On my 40th birthday, I left work early to prepare for my celebration happy hour and arrived home to find two mourning doves waiting for me by the front steps. In and of itself, this was a strange occurrence. I had never seen mourning doves before (I had to Google them to make sure that’s what they even were.) and especially not at my front door. It didn’t matter, though. I knew who they were. These big, round, brownish-grey birds were there to give me a message.

The mourning dove is named because of the haunting coo sound it emits, which to many is a sad sound. Some say the sight of a mourning dove signifies the need to take a deep breath and look for peace within. All doves symbolize peace, not just the mourning dove. Dove symbolism can also mean the end of a problematic cycle in one’s life. In other words, there are possibilities of new romance, new friendships, and new beginnings on the horizon. It’s up to whomever spots mourning dove to decide if they believe this or not. Maybe it was just a few neighborhood birds hanging out by the water source.

I choose The Astonishing Color of After by Emily X.R. Pan for my book club’s September pick. I choose it like my last pick…by going to my Goodreads “Want to Read” list and choosing the book with the highest reader rating. This method does not disappoint! In The Astonishing Color of After, the main character, Leigh, sees her mother as a bird shortly after her mother commits suicide. Leigh hears the bird speak her name in her mother’s voice. The bird leaves quickly and Leigh leaves the front door open and a bucket of water out anticipating her return.

The rest of the book is about Leigh’s journey to Taipei to track down her mother, the bird. Leigh has less than 49 days before her mother makes a transition to rebirth. During these 49 days, her mother will, “process karma and let go of the things that make them feel tied to this life – thinks like people and promises and memory.” I’m fascinated by other countries death traditions and beliefs, reading many books on the topic. I recently ran across a Haitian belief, from Edwidge Danticat’s short story collection, Everything Inside, which stated the soul has a year and a day and then it will be, “reborn as a shadow, a dream, or a whisper in the wind.” I wonder if it becomes someone else’s shadow, in this scenario. Maybe the shadow takes on its own identity and sense of self, like in Haruki Murakami’s Hard-Boiled Wonderland and the End of the World. I am beginning to keep track of all these shadow references. For what, I don’t yet know.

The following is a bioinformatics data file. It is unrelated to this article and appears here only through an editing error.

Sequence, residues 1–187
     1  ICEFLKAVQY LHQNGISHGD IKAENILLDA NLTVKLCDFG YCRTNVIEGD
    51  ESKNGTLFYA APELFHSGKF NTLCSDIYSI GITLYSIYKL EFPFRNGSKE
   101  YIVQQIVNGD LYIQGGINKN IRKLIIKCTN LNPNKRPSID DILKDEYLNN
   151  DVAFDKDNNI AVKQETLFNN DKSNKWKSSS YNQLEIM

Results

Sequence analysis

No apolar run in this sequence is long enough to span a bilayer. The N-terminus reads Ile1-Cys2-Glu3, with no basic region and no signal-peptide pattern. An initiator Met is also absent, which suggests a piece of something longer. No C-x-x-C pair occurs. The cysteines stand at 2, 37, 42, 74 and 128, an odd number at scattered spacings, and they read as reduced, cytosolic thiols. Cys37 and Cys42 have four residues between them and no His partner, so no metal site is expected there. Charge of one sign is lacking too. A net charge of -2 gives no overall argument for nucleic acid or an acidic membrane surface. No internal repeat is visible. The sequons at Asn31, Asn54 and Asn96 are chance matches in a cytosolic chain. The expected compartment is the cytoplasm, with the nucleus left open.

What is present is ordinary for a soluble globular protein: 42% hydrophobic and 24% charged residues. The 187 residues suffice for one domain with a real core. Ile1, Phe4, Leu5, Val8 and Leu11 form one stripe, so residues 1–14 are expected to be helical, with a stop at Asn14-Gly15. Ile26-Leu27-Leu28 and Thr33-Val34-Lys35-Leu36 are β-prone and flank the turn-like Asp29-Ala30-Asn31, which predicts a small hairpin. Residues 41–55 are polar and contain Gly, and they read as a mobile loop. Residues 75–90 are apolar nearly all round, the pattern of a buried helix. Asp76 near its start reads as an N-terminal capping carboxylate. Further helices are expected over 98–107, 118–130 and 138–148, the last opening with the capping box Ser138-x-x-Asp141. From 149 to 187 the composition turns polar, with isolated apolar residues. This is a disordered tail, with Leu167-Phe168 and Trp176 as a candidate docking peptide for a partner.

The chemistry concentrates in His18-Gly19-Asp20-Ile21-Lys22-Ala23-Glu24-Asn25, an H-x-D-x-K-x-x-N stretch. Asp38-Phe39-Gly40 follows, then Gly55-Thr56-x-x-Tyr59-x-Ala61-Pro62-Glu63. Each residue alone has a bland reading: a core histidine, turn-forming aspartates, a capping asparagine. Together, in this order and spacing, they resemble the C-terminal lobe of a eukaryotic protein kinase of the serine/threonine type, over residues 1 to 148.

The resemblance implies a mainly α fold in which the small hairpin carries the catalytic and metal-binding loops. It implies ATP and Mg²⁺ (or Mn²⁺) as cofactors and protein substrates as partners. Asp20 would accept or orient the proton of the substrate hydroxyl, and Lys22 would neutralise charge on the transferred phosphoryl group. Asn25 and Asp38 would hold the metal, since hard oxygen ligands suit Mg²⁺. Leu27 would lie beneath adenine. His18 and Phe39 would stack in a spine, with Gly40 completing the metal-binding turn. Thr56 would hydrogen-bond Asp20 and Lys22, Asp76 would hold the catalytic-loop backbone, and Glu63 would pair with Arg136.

Leigh’s father doesn’t believe Leigh’s mother has come back in bird form. I mean, what dad would? But I did, because it had happened to me. The mourning doves that came to visit me on my 40th birthday were my father and my 2nd cousin Melanie. Some version of them, anyway.

When I was young, my dad worked in Minnesota a lot. He would drive for eight hours to arrive home in North Dakota late Friday night and then head out for another eight hours on Sunday morning. While he was in Minnesota, he stayed with his cousin and his cousin’s family. Looking back, he probably spent more time with them than he did with us. His cousin had four kids, around the same age as me and my siblings. Melanie was the oldest at about four years older than me. Eventually, my dad was able to work closer to home and did not travel to Minnesota nearly as much.

Fast forward to my 37th birthday. My dad came to visit and see my new house. The morning of my birthday (He was not known for great timing.) he tells me the doctors found a tumor in his lungs. Ten months later, he is gone. At his funeral, my 2nd cousins were there and after talking to Alyssa, Melanie’s younger sister, I realized just how much time he had spent with them.

Fast forward three more years to the morning of my 40th birthday. I learned via Facebook that Melanie, with whom I shared a birthday, had committed suicide. I spent the entire drive home from work thinking about how upset my dad would have been by this, trying to clear the tears in order to drive safely. I realize I was making up how my dad felt, as I never had talked to him about Melanie, or any of the other kids either. Then I arrive home to see the mourning doves.

There is no question in my mind those birds were my dad and Melanie. Whether they were there to tell me happy birthday or just to let me know they were together, in wherever the heck you go when you die, I’m not sure.  But I’m sure it was them. A few days later I shared this with Alyssa. She told me that in Minnesota, on the same day, her brothers had also seen two mourning doves. A few days later, she also saw one.

Until recently, I assumed the Minnesota mourning doves also represented Melanie and my dad. Then my mom asked who I thought the other dove represented for Alyssa and her brothers and it occurred to me the second dove could be someone entirely different for them. It has been over a year since Alyssa and I had this conversation so I don’t feel like I should go back and ask now. For my own story, I’m going to keep assuming it was also my dad.

In the end, I don’t know if Leigh’s father ever really believed her. I do.